By the French constitution the impeachment of a cabinet for political acts, whether it is proposed while it is in power or after it has retired, must be directed against the whole cabinet jointly. Individual members can only be impeached for individual acts. The impeachment resotion reported by Mr. Brisson from the committee, therefore, provided for the impeachment and trial before the senate of all the members of the De Broglie ministry, as well as their immediate successors, the Rocheboüet ministry, who for a short time continued the policy of the 16th of May.

The chamber met at 2.30 p.m. as usual, and nearly five hundred members were in their seats from the first moment. Every possible place in the galleries was occupied long before.

Mr. Gambetta, the president of the chamber, reminded the members at the opening of the debate that they were sitting as the national grand jury.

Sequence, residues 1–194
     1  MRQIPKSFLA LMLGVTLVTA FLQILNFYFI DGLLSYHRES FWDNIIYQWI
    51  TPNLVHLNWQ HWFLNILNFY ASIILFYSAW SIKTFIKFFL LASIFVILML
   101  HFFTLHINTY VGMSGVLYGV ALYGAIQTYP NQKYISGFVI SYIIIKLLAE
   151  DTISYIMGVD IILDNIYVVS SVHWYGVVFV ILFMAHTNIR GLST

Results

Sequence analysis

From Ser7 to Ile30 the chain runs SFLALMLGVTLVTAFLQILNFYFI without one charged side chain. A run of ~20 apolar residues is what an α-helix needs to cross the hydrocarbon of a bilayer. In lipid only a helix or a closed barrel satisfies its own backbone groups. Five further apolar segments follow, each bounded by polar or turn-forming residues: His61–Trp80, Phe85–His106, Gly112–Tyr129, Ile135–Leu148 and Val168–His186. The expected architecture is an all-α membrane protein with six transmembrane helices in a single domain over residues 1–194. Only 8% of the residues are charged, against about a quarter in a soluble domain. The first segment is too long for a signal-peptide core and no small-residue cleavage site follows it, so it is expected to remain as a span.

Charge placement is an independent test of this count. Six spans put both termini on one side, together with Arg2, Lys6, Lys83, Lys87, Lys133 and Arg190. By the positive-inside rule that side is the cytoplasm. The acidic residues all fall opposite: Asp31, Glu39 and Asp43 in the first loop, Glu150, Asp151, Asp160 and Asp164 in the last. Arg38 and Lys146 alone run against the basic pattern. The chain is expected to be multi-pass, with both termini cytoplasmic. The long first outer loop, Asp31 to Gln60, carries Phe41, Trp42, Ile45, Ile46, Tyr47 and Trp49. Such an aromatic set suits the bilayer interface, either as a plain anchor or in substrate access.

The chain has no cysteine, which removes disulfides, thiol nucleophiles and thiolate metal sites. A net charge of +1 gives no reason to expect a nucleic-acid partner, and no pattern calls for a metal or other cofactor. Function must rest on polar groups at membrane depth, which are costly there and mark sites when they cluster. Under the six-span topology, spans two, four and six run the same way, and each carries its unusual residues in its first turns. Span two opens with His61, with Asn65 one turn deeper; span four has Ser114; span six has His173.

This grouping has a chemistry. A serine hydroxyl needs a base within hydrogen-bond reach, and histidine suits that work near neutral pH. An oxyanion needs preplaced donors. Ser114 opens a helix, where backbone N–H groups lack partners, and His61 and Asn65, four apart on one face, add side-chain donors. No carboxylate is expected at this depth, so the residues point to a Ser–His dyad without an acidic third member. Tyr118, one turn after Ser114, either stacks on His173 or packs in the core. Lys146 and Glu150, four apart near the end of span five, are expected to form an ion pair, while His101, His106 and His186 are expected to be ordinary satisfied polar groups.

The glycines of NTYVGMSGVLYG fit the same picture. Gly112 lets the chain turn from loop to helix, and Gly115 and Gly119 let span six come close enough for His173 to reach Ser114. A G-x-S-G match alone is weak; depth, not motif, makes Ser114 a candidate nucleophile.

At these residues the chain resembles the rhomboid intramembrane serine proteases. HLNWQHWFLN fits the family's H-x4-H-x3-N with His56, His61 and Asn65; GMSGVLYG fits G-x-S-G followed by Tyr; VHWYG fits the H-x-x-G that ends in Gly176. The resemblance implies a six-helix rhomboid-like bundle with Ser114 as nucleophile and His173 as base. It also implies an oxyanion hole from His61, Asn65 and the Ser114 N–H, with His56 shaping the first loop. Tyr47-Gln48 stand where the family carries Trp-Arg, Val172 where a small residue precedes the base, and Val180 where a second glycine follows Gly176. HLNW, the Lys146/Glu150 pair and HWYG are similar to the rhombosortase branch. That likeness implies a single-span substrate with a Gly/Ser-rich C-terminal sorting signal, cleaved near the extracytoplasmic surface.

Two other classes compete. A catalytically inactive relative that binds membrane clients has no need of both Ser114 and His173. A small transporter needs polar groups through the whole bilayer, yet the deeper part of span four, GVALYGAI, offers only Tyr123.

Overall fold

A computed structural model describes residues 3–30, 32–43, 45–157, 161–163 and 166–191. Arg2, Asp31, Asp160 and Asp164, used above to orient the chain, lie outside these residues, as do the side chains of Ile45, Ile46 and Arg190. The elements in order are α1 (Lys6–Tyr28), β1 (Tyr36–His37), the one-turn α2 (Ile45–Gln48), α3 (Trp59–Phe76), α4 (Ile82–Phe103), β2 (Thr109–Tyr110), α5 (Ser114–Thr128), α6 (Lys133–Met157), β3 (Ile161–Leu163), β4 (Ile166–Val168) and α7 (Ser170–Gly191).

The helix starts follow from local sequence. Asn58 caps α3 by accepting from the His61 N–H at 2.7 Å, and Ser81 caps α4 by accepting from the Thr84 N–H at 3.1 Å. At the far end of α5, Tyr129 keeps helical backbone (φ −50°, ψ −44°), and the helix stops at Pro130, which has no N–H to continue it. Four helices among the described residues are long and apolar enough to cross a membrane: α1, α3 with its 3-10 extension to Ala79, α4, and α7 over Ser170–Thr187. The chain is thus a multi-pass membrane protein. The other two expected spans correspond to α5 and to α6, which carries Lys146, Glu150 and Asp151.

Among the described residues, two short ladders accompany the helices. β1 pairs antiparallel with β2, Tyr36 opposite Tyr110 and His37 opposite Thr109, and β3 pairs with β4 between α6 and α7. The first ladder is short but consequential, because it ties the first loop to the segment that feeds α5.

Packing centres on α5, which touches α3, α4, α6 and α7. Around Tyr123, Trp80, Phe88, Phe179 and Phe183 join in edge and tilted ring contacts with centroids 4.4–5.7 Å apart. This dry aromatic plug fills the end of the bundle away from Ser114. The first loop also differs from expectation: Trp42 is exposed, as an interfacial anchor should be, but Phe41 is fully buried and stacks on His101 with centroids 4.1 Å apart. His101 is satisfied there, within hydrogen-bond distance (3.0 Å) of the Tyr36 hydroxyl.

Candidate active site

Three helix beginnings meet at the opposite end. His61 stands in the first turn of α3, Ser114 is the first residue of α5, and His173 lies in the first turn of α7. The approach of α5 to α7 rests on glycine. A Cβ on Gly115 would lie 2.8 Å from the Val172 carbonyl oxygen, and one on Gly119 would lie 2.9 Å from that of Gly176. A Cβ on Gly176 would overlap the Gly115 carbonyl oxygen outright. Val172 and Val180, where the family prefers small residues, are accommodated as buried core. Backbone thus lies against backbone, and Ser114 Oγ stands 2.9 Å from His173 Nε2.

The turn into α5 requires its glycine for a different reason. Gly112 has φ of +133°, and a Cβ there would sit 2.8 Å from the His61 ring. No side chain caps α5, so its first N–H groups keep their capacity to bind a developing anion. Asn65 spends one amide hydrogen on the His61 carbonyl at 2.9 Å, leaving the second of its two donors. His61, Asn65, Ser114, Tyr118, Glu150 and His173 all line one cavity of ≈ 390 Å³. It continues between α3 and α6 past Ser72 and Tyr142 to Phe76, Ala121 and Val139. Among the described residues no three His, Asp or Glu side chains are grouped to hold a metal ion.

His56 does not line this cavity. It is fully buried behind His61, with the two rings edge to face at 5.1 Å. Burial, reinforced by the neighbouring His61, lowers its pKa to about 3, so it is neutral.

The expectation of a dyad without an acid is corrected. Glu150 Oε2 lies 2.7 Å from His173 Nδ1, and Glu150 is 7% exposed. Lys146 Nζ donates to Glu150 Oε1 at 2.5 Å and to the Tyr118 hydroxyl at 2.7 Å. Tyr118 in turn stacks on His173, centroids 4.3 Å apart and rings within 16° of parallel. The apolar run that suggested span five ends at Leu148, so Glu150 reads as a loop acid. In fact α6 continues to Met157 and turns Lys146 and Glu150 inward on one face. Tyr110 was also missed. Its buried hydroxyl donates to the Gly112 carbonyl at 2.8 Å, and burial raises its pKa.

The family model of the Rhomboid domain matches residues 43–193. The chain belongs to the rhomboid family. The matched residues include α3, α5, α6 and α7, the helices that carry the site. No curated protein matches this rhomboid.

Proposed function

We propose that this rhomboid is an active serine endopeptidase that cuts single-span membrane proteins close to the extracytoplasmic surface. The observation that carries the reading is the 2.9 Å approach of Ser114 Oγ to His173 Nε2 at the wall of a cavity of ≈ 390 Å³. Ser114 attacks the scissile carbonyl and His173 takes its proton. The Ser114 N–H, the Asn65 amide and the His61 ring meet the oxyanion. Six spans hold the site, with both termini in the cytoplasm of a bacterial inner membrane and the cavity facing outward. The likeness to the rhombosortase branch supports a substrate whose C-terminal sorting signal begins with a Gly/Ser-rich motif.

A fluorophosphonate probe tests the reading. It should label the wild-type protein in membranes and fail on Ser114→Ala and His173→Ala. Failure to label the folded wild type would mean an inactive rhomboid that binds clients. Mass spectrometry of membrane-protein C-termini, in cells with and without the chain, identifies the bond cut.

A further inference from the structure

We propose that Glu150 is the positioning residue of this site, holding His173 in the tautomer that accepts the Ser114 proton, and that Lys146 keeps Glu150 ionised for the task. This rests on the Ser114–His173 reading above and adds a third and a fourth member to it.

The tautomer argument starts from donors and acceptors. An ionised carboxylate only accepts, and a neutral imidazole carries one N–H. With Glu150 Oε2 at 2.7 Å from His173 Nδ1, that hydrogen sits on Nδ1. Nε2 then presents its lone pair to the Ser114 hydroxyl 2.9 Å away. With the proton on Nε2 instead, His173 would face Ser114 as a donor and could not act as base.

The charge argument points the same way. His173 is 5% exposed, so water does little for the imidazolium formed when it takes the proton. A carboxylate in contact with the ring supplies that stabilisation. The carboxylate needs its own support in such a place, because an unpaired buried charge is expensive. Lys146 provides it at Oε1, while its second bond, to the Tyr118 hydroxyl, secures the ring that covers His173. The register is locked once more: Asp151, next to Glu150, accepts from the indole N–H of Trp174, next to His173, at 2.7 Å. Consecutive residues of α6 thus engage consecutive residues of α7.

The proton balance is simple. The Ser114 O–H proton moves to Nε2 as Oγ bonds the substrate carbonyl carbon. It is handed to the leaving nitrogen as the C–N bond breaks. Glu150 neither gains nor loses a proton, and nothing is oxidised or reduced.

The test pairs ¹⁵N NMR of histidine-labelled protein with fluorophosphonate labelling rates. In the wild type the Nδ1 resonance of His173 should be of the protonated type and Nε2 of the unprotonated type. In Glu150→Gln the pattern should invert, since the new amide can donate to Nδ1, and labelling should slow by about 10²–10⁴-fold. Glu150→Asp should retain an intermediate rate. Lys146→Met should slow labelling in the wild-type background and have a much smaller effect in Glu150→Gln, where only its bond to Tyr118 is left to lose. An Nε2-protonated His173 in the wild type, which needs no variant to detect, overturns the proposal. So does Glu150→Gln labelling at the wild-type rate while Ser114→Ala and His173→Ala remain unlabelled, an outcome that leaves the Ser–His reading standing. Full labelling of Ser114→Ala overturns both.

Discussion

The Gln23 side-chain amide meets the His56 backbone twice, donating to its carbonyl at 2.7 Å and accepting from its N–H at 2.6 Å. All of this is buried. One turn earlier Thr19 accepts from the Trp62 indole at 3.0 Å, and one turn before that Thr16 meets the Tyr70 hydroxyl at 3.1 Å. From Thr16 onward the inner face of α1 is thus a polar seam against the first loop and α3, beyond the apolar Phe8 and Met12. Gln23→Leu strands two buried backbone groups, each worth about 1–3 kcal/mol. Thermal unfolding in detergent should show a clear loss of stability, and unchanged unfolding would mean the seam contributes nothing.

Two ineffectual attempts to divert or prevent the debate were made by members of the right—Mr. Lenglé, a Bonapartist, who tried to introduce an attack upon the minister of finances, Mr. Léon Say; and Mr. Baudry-d’Asson, who demanded the previous question, which was not supported.

Mr. Léon Renault then ascended the tribune. His clear and incisive eloquence and his personal character as a conservative republican who has rendered great services to the cause of free government insured him the attention of the house. It must not be understood, however, that by giving attention to a speaker a French assembly keeps silence. On the contrary, the interruptions of approval, the strong murmurs of dissent, the animated and loud responses to every utterance of the speaker are the disorderly and noisy marks of attention which sometimes extinguish for a moment the voice of the orator. He spoke against the impeachment of the De Broglie and Rocheboüet ministries as ill-timed and ill-advised, which he could do without suspicion of favoring their acts, as he had denounced them at the time, from that very tribune while those men were in power, with unsparing severity. He sustained the present ministry in the position it had taken so promptly and boldly; he cited the authority of the recent prime minister, Mr. Dufaure, in support of the same view, and he appealed to the chamber to govern and not agitate the country.